Delimitation is to be effected by agreement in accordance with equitable principles, and taking account of all the relevant circumstances, in such a way as to leave as much as possible to each Party all those parts of the continental shelf that constitute a natural prolongation of its land territory into and under the sea, without encroachment on the natural prolongation of the land territory of the others.In 1994 the United Nations Convention on the Law of the Sea (“UNCLOS”) went into effect, and by 2006, 149 countries had ratified it. By defining the concepts of territorial sea, contiguous zone, continental shelf and exclusive economic zone, UNCLOS has brought consistency to the seaward extent of coastal nations’ jurisdictional claims.
Regarding territorial sea, UNCLOS sets a twelve-mile limit. Its Article 3 establishes that all States have the right to establish the breadth of the territorial sea up to a limit not exceeding twelve nautical miles from the baselines. Still, under the new twenty-four mile limit, the concept of contiguous zones has acquired relevance, and in 1997 more than fifty states had claimed a contiguous zone.
UNCLOS fails to provide a solution to the Gulf problem, especially since neither Colombia nor Venezuela is party to it. Nevertheless, it is important to remember that the 1958 Continental Shelf Convention might still bind both countries, particularly because States are bound by customary international law.
Going back to our central issue, is very important to keep in mind that the Gulf is of vital economic importance to Venezuela, since navigation rights are crucial to minimize oil transportation costs. The Gulf is the only route connecting Lake Maracaibo with the Caribbean Sea and world oil markets. Moreover, the city of Maracaibo is significant because it holds one of the four major Venezuelan oil fields, and Maracaibo is very close to the Texas Port. Therefore, if Colombia were to have sovereign rights on the Gulf and proceeded unilaterally to exploitation of its oil reserves, it would obstruct the shipping lanes of Venezuelan oil tankers leaving Maracaibo.
Colombia position is a line that divides the Gulf in half between the opposite peninsulas of Guajira and Paraguaná and then apply the equidistant principle between the adjacent States, starting at Castilletes. Such proposition is legally based on Article 6 of the Continental Shelf Convention. Venezuela counters that the equidistant principle is not the obligatory method of delimitation by referring to the ICJ decision on the North Sea Continental Shelf cases.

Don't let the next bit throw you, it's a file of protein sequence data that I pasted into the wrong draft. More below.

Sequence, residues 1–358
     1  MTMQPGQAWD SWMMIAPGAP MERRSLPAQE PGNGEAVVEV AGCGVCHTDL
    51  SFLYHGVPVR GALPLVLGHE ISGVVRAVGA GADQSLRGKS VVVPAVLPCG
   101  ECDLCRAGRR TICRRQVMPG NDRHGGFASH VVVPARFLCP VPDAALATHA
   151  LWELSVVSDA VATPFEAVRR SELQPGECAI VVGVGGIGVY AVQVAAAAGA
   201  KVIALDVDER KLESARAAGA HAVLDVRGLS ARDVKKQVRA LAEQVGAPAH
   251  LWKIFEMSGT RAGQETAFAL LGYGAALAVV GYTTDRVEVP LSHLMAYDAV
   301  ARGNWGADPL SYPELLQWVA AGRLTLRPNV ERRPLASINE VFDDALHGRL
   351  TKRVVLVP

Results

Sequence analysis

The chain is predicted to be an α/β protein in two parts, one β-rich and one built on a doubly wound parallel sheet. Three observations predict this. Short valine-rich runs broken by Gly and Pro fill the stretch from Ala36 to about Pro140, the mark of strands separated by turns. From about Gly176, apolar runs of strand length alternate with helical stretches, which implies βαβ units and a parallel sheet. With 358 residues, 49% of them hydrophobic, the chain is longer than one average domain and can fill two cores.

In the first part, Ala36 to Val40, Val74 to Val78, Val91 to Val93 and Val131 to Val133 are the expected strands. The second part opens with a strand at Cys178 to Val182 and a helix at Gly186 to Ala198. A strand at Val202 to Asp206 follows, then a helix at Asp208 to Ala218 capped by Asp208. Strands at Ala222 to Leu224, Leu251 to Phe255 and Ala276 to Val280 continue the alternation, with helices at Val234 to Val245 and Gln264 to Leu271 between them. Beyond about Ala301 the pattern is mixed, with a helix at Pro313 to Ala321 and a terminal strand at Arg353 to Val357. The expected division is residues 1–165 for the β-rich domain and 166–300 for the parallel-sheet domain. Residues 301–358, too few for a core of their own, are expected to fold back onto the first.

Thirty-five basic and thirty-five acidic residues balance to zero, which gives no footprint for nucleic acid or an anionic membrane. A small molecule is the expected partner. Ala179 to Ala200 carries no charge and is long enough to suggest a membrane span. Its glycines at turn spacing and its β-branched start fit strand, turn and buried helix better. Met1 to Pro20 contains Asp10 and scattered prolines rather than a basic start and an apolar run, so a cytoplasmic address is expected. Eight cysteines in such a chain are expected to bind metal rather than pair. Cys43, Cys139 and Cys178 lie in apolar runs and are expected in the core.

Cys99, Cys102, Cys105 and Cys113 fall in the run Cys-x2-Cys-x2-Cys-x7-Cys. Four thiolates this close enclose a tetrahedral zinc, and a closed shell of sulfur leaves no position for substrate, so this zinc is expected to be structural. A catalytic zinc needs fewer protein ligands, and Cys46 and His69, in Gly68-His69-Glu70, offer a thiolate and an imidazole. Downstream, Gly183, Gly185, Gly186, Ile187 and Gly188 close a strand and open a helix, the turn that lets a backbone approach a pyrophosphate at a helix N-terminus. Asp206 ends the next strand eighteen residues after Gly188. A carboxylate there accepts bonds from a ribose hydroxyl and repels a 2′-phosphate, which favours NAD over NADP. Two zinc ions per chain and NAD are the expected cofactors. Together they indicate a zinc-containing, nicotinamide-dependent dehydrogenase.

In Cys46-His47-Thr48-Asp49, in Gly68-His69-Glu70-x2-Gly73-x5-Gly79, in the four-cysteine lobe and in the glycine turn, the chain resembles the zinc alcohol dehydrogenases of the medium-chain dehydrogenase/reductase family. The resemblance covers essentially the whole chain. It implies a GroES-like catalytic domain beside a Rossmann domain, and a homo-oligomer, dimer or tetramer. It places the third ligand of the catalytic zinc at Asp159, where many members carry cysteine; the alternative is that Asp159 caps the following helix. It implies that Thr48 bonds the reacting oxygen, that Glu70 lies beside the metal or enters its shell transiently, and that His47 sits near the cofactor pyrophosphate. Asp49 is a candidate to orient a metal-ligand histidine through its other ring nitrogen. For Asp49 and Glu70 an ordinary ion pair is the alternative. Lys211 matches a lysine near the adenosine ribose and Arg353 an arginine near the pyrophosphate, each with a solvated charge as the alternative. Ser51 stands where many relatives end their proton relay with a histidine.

International law does not provide an answer to the maritime boundary dispute. No treaty article on continental shelf delimitation is binding concurrently upon Venezuelan and Colombia. Although both nations ratified the 1958 Continental Shelf Convention, Venezuela made a reservation to Article 6, which relates to the means used in delimiting continental shelf areas.
The Venezuelan delegate back then, mentioned that among the reasons for this reservation was the existence of “special circumstances” in the Gulf of Venezuela. Venezuela’s purpose in rejecting this provision was to exclude the principle of equidistance as the mandatory method of delimitation.
Additionally, there is not common understanding of customary maritime delimitation law and neither States are subject to the International Court of Justice compulsory jurisdiction, so it is impossible that the controversy will be solved by the Court without the express consent of both states.
The truth is that Colombia and Venezuela need oil. Both are important oil producers and Venezuela’s petroleum industry constitutes more than three-quarters of total Venezuelan export revenues, about half of total government revenues, and about one-third of the GDP. In order to maintain a solvent government and to preserve Chávez’s popularity through the funding of social programs, it is imperative that Chávez continues to pursue profitable oil undertakings. On the other hand, Colombia is the third largest Latin American oil exporter and has consistently been one of the United States’ top ten suppliers. Oil exportation provides a third of Colombia’s revenue, making it its number one exporting commodity.
Oil is power and the maritime delimitation between Colombia and Venezuela is a proof of such assertion. Anyhow, it is important to acknowledge that many times international law does not provide an answer to conflict between States and only the determination of the governments to solve the struggles will make a difference. If Chávez’s government gives away maritime rights, Venezuela and all the next governments will be forever bound to respect such agreement. It would be another disastrous legacy of Chávez and his fellows.